CAUCA, Colombia — The landscape that makes up Colombia’s fourth-largest coffee-producing department wildly varies from that of Paraná and São Paulo states in south-west Brazil (Buenos Aires Herald, July 7 and July 14, 2017).
Scattered across a rolling altitude that soars up to 2,100 metres above sea level, Cauca has the Andes to thank for its attributes: mountainous, lush and fertile courtesy of volcanic soil. This is prime agricultural land that bangs out banana, avocado and plantain as well as arabica-like popcorn. And, with 95,000 hectares of coffee under plantation, many of which are microlots cared for by 93,000 families, it’s a very different scenario compared to Paraná’s vast, sun-exposed plantations — yet both produce quality coffee.
Cauca has also been a Revolutionary Armed Forces of Colombia (FARC) stronghold for much of Colombia’s 53-year civil war, guerrillas tucked away in this mountainous jungle, growing more lucrative coca to finance their cause. But now the conflict with Farc is over and the peace process has begun, this Colombian department is keen to make headway when it comes to producing quality coffee.
Given that so many growers in Cauca own tiny farms that span around one hectare or 3,000 coffee-bushes, some have realised that a collective voice is the key to progress. This might mean joining forces during harvest time to pick at several farms, or selling coffee cherries from a variety of plantations in order to secure a better overall price. One thing is clear, however: there’s strength in numbers and this certainly favours cafeteras.
From her one-hectare La Puentecita farm, María del Carmen Toro heads two coffee co-operatives, Aslicafés and MyCafé. Known as la profe, the teacher, she organises and inspires a total of 3,000 women in Piendamó and the surrounding area in Cauca. It’s an impressive number of people to lead, but given her burning desire for equality and empowerment, she’s certainly motivated. And while the National Federation of Coffee-Growers (FNC) estimates that of the 1.2 million, 60-kilo sacks produced in Cauca each year that 30 percent comes from women-owned farms, it seems that up until recently, the fairer sex rarely saw the financial upside.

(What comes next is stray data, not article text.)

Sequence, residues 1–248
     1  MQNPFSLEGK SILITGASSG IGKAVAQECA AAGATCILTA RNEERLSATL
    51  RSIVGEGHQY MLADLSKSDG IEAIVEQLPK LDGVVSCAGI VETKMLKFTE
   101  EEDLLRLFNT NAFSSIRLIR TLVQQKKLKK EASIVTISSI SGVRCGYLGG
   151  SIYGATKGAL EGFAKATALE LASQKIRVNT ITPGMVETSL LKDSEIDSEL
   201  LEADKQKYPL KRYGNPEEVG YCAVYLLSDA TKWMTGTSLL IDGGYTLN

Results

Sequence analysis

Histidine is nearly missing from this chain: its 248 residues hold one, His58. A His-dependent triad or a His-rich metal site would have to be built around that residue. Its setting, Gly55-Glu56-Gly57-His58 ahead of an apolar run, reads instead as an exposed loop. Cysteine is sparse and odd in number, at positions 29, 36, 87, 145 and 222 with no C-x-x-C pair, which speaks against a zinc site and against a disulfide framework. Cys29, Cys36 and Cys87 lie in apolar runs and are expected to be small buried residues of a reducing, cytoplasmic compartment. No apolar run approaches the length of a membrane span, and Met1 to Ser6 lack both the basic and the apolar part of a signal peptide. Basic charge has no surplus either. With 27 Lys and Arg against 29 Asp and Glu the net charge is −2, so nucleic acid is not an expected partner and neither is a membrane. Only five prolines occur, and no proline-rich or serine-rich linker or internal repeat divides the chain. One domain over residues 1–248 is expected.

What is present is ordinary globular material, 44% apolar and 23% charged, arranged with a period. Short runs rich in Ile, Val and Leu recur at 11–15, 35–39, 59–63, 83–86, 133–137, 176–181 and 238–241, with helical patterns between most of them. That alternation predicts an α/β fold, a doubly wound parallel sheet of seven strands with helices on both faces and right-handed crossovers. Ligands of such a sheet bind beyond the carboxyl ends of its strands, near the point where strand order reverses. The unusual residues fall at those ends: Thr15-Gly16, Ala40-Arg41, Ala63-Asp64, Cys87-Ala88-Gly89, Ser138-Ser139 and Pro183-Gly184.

María del Carmen says: “Inequality existed between men and women and I wanted the genders to be equal. So, 1,000 of us got together and decided to change that way of life: where I have something and so does my husband; I’m in charge and so is he; I’ll pick up the kids and so will he. That’s the only way for us to be equal. Half this finca belongs to me and half is his. And we women joining together has allowed us to set up the Asociación de Cafeteras (Women Coffee Growers’ Association).”
While these women already grew, picked and sorted coffee cherries from their own farms, many rarely saw any financial benefit from their work: earning a wage was an obvious motivation for women from this rural area clubbing together to set up a co-operative. What’s particularly surprising is the co-ops are new, founded just three years ago in 2014.
María del Carmen says: “We would work as well as look after the children but our husbands would receive the money itself. But with so many of us on board, we got our husbands to agree and after various meetings, writing statutes and voting, set up the associations. It’s so important: we make decisions, we are in charge and as a woman, I can take on big risks in order to reap big benefits. We’ve managed to obtain that.”
Word of mouth helped María del Carmen bring together women from numerous veredas (rural districts), some taking a bus for two hours to pick coffee or to attend meetings; that led to her initially forming MyCafé with 180 others. She laughs: “I talk a lot, which is why they elected me president.” Aslicafé, meanwhile, brings several associations under a single umbrella; that takes the total to almost 3,000 cafetera members.
Naturally, producing high-quality, often organic, arabica is of utmost importance to María del Carmen. “I used to have Caturra plants on my farm, which we bought 12 years ago, but that species needs a lot of chemical treatments. I only grow Castillo now, which pays 450 Colombian pesos (US$0.15) a kilo of red cherries, and only use organic treatments and fertilisers now. We need to think of our children’s future, too.”
It’s this high-quality, arabica sourced from microlots such as hers that piques the interest of international buyers such as Illy Caffè, which purchases these co-ops’ green coffee (pulped and ready to roast) that’s key to the Italian company’s blend.
Andrea Illy, chief executive of Illy Caffè, told the Herald at the World Coffee Producers’ Forum in Medellín last week: “Female leadership is very important: they continually prove they are serious, committed, responsible and able to take care of more variables and complex situations than men; managing a farm is complex because it’s about being an engineer, a meteorologist, an economist, an entrepreneur…
“Success in terms of quality, improvement and financial returns is thanks to women’s leadership, particularly in rural communities, and they are part of the solution in poverty alleviation; micro-credit only works thanks to women.”
Besides empowering and innovating so many women, la profe María del Carmen says there’s been welcome changes in her vereda since Colombia’s peace process began last November. Looking out across the valley that houses her small finca that also grows avocado, banana and even potato, she says: “The truth is, [before] you couldn’t have visited us here at the farm. The conflict was intense here and they’d [FARC fighters] come here at one in the morning, demanding we prepared them food. We used to hear bombs going off all the time. But those things don’t happen anymore. Life’s changed. We can call it peace.”
Buenos Aires Herald, 17 July 2017